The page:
Posts Tagged ‘eroticised reality

23
May
10

Exhibition: ‘Miroslav Tichý’ at Michael Hoppen Gallery, London

Exhibition dates: 28th April – 29th May 2010

 

A camera of Miroslav Tichy

 

A camera of Miroslav Tichý

 

 

Wow – these are fantastic!!
Tichy’s camera is such an amazing construction (click on the image above to see a larger version).

Many thankx to Jim Edwards and the Michael Hoppen Gallery for allowing me to publish the photographs in the posting.

 

 

“Women are just a motif to me. The figure – standing, bending, or sitting. The movement, walking. Nothing else Interests me. The erotic is just a dream anyway. The world is only an illusion, our illusion.”

“Everything is decided by the earth, which is turning. You can only live as long as the earth keeps turning. That is predetermined.

.
Miroslav Tichý

 

 

Miroslav Tichý (Czech, 1926-2011) 'Untitled' c. 1960s

 

Miroslav Tichý (Czech, 1926-2011)
Untitled
c. 1960s
Unique Silver gelatin print
Courtesy Michael Hoppen Gallery
© Miroslav Tichy

 

Miroslav Tichý (Czech, 1926-2011) 'Untitled' c. 1960s

 

Miroslav Tichý (Czech, 1926-2011)
Untitled
c. 1960s
Unique Silver gelatin print
Courtesy Michael Hoppen Gallery
© Miroslav Tichy

 

Miroslav Tichý (Czech, 1926-2011) 'Untitled' c. 1960s

 

Miroslav Tichý (Czech, 1926-2011)
Untitled
c. 1960s
Unique Silver gelatin print
Courtesy Michael Hoppen Gallery
© Miroslav Tichy

 

 

“The recently unknown photographic work of Czech artist Miroslav Tichý has become a noteworthy presence in the worlds of photography and contemporary art over the last few years. Timeless and uncategorisable, Tichý’s work captures the women of Kijov, from the artist’s native city in Moravia. On 28 April 2010, the Michael Hoppen Gallery will bring together unique photographs, previously unseen in the UK, created in the 1960’s by Tichý with his makeshift cameras and enlargers.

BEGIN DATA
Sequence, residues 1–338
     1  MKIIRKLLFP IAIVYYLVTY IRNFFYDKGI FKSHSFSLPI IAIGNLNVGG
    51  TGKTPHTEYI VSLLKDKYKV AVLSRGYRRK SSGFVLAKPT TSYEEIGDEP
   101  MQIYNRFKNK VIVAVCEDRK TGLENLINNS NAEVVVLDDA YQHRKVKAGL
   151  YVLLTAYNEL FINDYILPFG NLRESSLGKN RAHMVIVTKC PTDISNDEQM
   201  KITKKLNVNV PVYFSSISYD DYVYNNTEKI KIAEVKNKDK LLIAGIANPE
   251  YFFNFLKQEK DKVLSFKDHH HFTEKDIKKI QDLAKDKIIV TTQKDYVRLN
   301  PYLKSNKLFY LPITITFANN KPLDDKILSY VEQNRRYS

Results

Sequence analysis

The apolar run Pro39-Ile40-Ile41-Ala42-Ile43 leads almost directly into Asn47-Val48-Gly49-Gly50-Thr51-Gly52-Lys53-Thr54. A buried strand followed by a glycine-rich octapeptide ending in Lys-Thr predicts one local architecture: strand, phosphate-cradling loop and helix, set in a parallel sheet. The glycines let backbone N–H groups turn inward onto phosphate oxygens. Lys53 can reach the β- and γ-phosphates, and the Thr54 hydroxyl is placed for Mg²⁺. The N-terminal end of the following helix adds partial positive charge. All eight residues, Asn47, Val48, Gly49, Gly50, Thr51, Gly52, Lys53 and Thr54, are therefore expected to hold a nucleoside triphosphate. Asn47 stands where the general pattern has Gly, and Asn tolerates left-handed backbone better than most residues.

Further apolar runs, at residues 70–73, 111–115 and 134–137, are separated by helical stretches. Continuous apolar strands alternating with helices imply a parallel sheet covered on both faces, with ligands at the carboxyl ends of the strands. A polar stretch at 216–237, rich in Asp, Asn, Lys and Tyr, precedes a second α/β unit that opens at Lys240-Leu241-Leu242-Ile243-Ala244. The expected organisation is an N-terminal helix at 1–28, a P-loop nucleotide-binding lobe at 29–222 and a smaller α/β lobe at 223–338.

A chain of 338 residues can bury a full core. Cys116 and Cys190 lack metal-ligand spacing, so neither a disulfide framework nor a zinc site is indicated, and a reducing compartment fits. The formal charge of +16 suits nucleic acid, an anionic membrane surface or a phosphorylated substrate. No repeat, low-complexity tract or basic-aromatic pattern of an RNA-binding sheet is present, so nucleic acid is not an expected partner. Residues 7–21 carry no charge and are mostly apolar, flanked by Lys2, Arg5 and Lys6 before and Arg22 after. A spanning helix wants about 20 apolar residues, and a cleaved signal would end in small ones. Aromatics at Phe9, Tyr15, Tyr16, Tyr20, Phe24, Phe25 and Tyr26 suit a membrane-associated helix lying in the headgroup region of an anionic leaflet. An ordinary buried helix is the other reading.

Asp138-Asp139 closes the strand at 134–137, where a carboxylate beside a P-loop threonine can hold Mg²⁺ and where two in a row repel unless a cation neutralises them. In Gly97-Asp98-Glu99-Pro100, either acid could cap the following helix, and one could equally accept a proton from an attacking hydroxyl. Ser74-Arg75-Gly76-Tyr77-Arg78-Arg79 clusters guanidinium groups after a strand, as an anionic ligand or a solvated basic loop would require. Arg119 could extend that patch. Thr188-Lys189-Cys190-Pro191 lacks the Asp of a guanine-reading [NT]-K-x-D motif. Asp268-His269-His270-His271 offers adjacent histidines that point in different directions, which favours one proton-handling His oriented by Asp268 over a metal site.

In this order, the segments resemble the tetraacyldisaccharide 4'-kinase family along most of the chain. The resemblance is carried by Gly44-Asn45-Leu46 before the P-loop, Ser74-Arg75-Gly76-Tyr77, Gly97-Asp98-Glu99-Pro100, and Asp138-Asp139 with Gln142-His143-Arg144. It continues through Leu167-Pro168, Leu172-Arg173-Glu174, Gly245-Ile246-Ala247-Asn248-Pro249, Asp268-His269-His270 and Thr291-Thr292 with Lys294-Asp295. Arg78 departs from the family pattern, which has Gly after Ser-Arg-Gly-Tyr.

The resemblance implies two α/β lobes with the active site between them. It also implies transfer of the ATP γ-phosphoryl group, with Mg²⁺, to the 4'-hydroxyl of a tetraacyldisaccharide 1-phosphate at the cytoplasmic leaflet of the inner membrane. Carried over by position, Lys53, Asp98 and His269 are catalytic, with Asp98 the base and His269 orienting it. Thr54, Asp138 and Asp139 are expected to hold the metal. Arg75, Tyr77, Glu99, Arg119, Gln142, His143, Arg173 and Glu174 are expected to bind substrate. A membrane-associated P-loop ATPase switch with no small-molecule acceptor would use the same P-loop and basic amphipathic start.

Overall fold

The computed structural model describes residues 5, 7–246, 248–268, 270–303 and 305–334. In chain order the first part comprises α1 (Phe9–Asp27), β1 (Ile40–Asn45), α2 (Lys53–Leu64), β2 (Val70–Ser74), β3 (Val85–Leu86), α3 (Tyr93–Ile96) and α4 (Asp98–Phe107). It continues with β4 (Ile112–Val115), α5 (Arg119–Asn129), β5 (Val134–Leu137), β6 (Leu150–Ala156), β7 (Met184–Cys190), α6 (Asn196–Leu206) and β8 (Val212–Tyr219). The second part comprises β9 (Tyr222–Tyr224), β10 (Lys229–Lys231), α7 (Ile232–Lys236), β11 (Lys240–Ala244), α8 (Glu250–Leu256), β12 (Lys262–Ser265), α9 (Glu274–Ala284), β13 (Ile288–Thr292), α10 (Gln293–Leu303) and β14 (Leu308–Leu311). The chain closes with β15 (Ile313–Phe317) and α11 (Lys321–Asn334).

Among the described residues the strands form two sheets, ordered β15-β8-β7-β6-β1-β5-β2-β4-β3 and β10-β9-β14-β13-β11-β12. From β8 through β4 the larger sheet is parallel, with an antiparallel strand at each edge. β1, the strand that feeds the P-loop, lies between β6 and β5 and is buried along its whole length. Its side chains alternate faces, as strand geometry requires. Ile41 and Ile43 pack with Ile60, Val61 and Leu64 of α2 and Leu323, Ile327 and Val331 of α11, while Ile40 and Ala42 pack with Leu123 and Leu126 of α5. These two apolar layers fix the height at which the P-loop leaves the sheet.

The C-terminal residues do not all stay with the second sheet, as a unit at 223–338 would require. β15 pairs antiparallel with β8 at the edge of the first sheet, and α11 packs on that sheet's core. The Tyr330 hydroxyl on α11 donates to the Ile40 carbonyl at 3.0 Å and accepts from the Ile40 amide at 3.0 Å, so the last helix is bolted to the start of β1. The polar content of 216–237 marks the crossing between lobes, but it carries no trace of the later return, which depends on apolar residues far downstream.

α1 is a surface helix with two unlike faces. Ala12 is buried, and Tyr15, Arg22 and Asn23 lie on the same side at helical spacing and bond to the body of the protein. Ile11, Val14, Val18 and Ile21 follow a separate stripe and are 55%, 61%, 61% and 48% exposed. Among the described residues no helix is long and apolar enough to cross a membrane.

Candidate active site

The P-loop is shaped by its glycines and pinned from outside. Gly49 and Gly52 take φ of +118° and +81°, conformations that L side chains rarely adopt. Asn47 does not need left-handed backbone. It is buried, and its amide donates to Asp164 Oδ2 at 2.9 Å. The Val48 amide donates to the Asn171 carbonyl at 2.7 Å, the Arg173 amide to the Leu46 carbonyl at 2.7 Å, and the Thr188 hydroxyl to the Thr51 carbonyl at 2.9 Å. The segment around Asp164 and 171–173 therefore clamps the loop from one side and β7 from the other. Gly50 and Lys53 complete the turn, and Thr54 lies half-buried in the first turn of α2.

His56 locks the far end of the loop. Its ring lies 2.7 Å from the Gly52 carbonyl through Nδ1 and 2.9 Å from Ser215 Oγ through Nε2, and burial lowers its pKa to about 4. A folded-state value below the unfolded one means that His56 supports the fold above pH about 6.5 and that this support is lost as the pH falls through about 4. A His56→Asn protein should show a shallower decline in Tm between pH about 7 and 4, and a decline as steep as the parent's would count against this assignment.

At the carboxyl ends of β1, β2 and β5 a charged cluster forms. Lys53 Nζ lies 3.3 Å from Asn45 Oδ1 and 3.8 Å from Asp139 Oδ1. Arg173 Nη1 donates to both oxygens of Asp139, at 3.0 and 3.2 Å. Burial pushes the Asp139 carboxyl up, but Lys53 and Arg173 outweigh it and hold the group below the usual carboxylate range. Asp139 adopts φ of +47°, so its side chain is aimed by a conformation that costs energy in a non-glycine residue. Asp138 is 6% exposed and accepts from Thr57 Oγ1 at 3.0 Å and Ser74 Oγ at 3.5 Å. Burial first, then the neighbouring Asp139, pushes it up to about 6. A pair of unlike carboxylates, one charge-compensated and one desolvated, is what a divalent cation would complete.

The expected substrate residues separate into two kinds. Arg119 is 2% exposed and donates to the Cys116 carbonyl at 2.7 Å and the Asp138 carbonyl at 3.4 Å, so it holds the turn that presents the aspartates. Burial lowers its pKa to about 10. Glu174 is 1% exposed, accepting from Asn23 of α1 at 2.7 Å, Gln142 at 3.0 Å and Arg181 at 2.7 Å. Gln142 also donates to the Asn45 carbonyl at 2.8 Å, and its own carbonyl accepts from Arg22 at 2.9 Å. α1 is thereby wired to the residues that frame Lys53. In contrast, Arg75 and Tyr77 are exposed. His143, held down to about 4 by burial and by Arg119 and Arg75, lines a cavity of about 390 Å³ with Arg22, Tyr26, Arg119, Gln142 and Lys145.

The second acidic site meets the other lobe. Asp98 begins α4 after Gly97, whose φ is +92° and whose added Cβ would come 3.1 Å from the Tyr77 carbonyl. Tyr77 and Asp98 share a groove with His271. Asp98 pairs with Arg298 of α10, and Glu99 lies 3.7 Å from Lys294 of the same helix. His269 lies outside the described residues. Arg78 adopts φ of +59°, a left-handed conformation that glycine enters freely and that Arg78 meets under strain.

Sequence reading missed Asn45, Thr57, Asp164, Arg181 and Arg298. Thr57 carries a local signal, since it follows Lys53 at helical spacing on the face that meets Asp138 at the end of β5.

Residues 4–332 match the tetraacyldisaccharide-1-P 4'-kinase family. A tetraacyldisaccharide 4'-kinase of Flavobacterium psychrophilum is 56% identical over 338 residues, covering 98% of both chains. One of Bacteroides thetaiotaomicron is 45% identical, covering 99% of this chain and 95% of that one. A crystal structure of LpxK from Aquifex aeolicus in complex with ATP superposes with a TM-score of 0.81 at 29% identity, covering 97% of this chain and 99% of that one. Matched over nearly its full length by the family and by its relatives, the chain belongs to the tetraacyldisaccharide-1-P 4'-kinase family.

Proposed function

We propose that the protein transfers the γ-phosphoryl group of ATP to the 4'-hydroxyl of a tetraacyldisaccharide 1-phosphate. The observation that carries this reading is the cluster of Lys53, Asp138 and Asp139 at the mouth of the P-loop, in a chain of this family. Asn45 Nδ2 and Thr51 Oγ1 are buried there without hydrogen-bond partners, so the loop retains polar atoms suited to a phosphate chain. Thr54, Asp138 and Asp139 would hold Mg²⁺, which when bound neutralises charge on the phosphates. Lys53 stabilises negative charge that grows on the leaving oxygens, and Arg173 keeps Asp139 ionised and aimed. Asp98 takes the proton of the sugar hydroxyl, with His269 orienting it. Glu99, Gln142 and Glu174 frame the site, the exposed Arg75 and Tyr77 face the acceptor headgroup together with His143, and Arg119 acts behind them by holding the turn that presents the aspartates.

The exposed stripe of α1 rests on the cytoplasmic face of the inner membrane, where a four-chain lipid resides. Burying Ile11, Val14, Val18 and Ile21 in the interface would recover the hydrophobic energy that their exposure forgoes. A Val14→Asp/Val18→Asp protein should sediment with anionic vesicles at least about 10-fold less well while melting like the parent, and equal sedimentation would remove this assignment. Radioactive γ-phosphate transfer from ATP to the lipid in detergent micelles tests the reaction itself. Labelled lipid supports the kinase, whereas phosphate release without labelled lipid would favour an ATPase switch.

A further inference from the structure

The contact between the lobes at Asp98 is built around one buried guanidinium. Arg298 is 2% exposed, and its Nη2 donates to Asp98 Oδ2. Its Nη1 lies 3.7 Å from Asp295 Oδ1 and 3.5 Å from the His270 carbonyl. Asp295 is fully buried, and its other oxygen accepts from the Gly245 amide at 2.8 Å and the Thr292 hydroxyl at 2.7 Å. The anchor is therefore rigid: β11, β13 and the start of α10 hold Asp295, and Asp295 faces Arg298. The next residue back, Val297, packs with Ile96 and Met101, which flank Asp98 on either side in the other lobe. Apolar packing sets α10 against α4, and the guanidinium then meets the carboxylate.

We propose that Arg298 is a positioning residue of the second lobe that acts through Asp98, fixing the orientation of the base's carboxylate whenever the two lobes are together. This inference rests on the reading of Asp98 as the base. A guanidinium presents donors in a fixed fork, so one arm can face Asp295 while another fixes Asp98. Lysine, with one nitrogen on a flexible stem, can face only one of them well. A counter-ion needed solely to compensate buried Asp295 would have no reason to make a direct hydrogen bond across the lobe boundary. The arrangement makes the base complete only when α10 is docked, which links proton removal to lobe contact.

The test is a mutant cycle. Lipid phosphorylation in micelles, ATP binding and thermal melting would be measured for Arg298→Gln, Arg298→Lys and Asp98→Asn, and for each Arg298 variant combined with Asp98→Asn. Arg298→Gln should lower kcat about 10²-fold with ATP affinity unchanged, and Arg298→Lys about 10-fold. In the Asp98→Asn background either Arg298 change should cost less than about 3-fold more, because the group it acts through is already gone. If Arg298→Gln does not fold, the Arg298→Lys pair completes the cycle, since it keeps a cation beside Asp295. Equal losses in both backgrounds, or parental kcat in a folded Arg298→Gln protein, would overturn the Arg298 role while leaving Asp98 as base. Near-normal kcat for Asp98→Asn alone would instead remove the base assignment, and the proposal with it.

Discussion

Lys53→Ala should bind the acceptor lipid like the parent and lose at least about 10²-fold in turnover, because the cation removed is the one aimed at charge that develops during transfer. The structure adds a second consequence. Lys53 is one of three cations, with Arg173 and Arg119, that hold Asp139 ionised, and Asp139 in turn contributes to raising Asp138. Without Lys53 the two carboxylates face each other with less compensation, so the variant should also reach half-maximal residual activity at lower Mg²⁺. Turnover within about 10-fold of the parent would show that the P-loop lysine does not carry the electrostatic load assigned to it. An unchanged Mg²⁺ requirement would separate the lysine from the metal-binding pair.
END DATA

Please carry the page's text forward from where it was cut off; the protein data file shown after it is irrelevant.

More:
Marginal and exceptionally voyeuristic, in his methods Tichý could be described as an “art brut photographer” yet he is marked by many classical influences. Though his images are produced with poor-quality equipment and carelessly shot, they offer an idiosyncratic and almost hallucinatory vision of a fantastical, eroticised reality. With his endless return to the same subject and the volume and regularity of his production, Tichý’s work draws many parallels to certain practices of conceptual art during the same period.

For thirty years Tichý took up to one hundred photographs each day, pursuing his artistic obsession with the female form. Dressed in rags and using a homemade camera, Tichy captured the universe of the people in the small town of Brno in the Czech Republic. This discovery of photography saved him from madness and the claustrophobia of political dictatorship. Though his work today is widely exhibited, Tichý worked for years as an unknown artist in complete isolation on the periphery of the art world.

A student at the Academy of Arts in Prague, Tichý left following the communist overthrow of 1948. Unwilling to subordinate to the political system he spent some eight years in prison and psychiatric wards for no reason, other than he was ‘different’ and considered subversive. Upon his release he became an outsider, occupying his time by obsessively taking photographs of the women of his home town, using homemade cameras constructed from tin cans, children’s spectacle lenses, rubber bands, scotch tape and other junk found on the streets.